Colorado Woman Handcuffed in Police Car Strikes $8.5 MILLION SETTLEMENT After Train Collision


A Colorado woman who was critically injured when a freight train collided with the parked police vehicle in which she was handcuffed has struck a $8.5 million settlement, according to a lawyer for two of the officers involved on Wednesday.

The city of Fort Lupton and the adjoining town of Platteville, which jointly hired the three cops involved in the 2022 crash, will each pay half of the settlement to Yareni Rios, according to attorney Eric Ziporin.

Ziporin represents two Fort Lupton policemen at the time: Jordan Steinke and Ryan Thomeczek. He denied additional comment on the accord. Fort Lupton Police Chief William Carnes said in a statement on Tuesday that the settlement was reached to “the mutual satisfaction of the parties, recognizes the gravity of this matter, and allows all parties to move forward.”

Former Platteville police sergeant Pablo Vazquez was also sued. On Wednesday, the Associated Press sent an email to his attorneys asking comment.

Steinke and Vazquez were both sentenced to probation in connection with the collision, although Thomeczek was not charged.

Rios, then 20, was pulled over by Vazquez on September 16, 2022, following a driving rage incident that police described as “menacing with a handgun.” Shortly after, Steinke and Thomeczek arrived to assist, and Steinke loaded Rios into the back of Vazquez’ patrol car. Vazquez had parked on train lines, according to the lawsuit and testimony during Steinke’s trial last year.

Steinke said she had no idea where the automobile was parked, despite the fact that her body camera footage shows tracks and railroad crossing signs. She was found guilty of reckless endangerment and assault, sacked from her work, and sentenced to 2 1/2 years supervised probation.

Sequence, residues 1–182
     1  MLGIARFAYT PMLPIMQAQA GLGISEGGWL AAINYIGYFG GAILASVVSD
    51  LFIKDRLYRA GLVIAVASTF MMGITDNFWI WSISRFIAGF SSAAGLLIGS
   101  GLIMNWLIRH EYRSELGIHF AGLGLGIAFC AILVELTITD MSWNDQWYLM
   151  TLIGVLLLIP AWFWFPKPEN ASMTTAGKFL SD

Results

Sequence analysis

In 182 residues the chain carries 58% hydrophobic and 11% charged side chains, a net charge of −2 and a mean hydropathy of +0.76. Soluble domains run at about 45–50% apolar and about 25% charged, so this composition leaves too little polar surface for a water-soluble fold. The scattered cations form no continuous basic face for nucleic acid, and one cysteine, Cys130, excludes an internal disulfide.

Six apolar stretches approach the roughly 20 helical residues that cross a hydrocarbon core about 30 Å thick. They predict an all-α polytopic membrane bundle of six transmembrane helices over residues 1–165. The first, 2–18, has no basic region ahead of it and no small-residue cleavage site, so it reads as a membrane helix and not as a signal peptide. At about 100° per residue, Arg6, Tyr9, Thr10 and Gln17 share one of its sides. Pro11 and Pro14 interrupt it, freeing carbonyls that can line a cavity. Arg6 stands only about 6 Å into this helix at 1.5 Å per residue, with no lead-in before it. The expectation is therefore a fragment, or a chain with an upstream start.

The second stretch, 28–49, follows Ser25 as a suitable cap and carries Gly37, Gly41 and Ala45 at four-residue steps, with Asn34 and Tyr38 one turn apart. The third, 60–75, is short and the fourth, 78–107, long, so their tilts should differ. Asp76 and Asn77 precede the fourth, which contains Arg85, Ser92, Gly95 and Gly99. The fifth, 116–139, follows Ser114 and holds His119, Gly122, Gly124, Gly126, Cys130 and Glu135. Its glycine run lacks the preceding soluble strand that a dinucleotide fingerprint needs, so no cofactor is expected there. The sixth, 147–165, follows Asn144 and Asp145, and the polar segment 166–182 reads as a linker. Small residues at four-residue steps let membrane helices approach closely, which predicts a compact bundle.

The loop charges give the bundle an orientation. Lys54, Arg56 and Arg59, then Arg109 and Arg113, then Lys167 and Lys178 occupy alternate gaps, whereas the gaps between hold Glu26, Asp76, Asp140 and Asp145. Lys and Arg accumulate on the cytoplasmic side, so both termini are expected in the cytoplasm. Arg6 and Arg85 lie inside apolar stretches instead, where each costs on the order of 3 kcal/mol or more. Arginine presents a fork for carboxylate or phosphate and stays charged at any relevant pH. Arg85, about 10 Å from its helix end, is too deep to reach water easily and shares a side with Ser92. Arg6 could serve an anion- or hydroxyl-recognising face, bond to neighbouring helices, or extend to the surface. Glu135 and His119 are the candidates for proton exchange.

In comments captured on body camera film, Vazquez told other police that he assumed he had cleared the tracks when he parked behind Rio. He stated that he was concentrating on her because he was frightened that she could have a weapon.

Vazquez pleaded guilty to one count of reckless endangerment and received a year of unsupervised probation.

Rios shouted for help when she saw the train approaching, and despite the fact that a door in the police car had been left open, she was unable to escape from the caged-in rear seat, according to the lawsuit, which claimed she sustained serious injuries, including severe head trauma. The lawsuit accused officers of being careless and failed to protect Rios while she was in detention.

Rios pled no contest to misdemeanor menacing.

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